Planet Earth – Mountains

Today join us on Discovery Enterprise as we continue our exploration of the most exotic and awe inspiring planet in the known universe, our own planet Earth.

Today on Discovery Enterprise we present the second instalment of the landmark BBC documentary series Planet Earth presented by David Attenborough. This episode focuses on the mountains. All the main ranges are explored with extensive aerial photography. Ethiopia’s Erta Ale is the longest continually erupting volcano — for over 100 years. On the nearby highlands, geladas (the only primate whose diet is almost entirely of grass) inhabit precipitous slopes nearly five kilometres (3 mi) up, in troops that are 800-strong: the most numerous of their kind. Alongside them live the critically endangered walia ibex, and both species take turns to act as lookout for predatory Ethiopian wolves. The Andes have the most volatile weather and guanacos are shown enduring a flash blizzard, along with an exceptional group sighting of the normally solitary puma. The Alpine summits are always snow-covered, apart from that of the Matterhorn, which is too sheer to allow it to settle. Grizzly bear cubs emerge from their den for the first time in the Rockies, while Himalayan inhabitants include rutting markhor, golden eagles that hunt migrating demoiselle cranes, and the rare snow leopard. At the eastern end of the range, the giant panda cannot hibernate due to its poor nutriment of bamboo and one of them cradles its week-old cub. Also shown is the Earth’s biggest mountain glacier: the Baltoro in Pakistan, which is 70 kilometres (43 mi) long and visible from space. Planet Earth Diaries demonstrates the difficulty of obtaining the first ever close-up footage of the snow leopards: a process which took over a year.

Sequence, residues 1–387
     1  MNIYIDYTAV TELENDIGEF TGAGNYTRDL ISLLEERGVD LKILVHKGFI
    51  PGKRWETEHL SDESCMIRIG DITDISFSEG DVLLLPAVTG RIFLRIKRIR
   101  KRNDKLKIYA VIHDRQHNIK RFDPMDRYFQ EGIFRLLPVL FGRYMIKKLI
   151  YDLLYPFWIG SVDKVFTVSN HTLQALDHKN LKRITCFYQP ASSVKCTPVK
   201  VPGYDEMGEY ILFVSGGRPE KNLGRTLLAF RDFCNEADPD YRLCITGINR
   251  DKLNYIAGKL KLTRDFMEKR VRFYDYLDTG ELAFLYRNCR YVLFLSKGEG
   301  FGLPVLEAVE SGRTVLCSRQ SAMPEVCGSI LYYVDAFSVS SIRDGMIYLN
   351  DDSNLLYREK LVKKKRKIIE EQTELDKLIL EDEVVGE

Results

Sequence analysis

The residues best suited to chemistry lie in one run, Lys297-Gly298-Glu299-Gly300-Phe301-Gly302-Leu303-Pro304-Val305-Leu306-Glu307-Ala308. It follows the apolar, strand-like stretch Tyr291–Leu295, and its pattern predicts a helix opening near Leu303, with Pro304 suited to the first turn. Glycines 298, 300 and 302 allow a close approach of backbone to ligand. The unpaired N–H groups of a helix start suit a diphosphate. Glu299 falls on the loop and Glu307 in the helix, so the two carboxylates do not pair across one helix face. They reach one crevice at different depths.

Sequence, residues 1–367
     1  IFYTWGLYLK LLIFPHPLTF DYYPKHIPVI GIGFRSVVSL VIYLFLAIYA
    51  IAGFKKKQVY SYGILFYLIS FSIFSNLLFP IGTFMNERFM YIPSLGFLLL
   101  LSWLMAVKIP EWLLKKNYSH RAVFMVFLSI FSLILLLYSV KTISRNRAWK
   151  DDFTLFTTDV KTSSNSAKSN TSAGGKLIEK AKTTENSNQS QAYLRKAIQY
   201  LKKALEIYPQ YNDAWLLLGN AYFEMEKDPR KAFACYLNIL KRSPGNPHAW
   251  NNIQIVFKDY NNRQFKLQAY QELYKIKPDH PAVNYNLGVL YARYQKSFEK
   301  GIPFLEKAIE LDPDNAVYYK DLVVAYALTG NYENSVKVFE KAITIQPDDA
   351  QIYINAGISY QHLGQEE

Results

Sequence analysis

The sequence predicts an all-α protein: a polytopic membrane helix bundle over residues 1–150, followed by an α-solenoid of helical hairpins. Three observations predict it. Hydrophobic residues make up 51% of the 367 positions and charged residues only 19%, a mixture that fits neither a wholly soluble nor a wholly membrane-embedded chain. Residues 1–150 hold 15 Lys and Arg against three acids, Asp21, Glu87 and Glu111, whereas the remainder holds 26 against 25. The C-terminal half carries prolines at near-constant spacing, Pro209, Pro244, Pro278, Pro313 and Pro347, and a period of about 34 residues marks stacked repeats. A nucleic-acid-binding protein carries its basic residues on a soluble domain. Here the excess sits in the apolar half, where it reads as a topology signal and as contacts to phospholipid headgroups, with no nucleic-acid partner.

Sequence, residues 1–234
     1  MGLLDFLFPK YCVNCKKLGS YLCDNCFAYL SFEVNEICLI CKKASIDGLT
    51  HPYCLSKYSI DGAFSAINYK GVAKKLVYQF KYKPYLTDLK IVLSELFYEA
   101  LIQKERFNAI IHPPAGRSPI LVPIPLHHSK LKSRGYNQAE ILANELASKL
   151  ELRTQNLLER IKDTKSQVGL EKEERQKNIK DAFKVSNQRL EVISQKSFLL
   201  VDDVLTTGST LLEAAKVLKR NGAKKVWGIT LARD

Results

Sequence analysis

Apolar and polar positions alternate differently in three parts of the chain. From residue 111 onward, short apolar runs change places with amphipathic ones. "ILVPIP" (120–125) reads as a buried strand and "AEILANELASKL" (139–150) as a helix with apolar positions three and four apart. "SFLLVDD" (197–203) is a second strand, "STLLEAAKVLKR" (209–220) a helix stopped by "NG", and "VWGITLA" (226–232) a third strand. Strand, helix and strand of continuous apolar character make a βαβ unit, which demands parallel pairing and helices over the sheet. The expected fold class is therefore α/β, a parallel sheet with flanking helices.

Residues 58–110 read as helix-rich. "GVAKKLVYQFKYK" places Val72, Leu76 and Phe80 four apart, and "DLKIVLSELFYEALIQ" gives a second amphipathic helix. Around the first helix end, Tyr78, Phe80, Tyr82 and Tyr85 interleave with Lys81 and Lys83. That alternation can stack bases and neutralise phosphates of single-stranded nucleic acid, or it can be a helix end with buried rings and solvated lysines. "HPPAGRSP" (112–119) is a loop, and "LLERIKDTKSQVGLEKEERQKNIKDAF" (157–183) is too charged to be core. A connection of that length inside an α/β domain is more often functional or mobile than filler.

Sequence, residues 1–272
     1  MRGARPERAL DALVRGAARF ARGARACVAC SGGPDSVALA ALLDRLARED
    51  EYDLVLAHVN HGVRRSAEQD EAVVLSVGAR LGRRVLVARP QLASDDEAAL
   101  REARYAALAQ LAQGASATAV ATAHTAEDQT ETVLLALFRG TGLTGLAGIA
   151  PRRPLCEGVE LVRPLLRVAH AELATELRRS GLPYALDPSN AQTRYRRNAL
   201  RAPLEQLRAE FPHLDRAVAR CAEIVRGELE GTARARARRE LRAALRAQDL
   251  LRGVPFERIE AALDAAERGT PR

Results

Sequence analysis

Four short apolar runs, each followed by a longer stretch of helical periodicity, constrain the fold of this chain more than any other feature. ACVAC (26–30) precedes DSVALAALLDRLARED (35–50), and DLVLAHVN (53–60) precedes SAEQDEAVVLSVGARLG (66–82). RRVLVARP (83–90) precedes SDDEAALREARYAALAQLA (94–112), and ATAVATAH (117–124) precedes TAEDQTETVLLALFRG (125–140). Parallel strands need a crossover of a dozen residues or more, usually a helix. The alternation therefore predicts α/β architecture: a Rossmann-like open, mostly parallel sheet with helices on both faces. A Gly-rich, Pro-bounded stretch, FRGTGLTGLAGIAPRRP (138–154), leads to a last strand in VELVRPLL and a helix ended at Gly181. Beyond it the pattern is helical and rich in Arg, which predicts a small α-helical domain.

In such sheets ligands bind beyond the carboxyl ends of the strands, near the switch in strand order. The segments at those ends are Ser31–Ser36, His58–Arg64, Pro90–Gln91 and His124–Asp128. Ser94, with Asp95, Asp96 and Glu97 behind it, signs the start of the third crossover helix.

Planet Earth – Mountains


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